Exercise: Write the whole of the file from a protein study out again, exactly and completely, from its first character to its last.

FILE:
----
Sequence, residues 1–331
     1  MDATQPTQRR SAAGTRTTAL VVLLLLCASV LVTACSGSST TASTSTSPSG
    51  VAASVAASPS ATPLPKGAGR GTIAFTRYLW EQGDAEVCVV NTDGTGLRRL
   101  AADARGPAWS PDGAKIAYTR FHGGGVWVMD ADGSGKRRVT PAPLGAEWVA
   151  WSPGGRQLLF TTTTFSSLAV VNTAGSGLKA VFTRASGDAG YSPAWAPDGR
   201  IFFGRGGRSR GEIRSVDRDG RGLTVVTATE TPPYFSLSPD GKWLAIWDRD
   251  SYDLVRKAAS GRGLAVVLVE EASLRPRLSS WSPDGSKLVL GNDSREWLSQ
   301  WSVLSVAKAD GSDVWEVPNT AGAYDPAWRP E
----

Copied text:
Sequence, residues 1–331
     1  MDATQPTQRR SAAGTRTTAL VVLLLLCASV LVTACSGSST TASTSTSPSG
    51  VAASVAASPS ATPLPKGAGR GTIAFTRYLW EQGDAEVCVV NTDGTGLRRL
   101  AADARGPAWS PDGAKIAYTR FHGGGVWVMD ADGSGKRRVT PAPLGAEWVA
   151  WSPGGRQLLF TTTTFSSLAV VNTAGSGLKA VFTRASGDAG YSPAWAPDGR
   201  IFFGRGGRSR GEIRSVDRDG RGLTVVTATE TPPYFSLSPD GKWLAIWDRD
   251  SYDLVRKAAS GRGLAVVLVE EASLRPRLSS WSPDGSKLVL GNDSREWLSQ
   301  WSVLSVAKAD GSDVWEVPNT AGAYDPAWRP E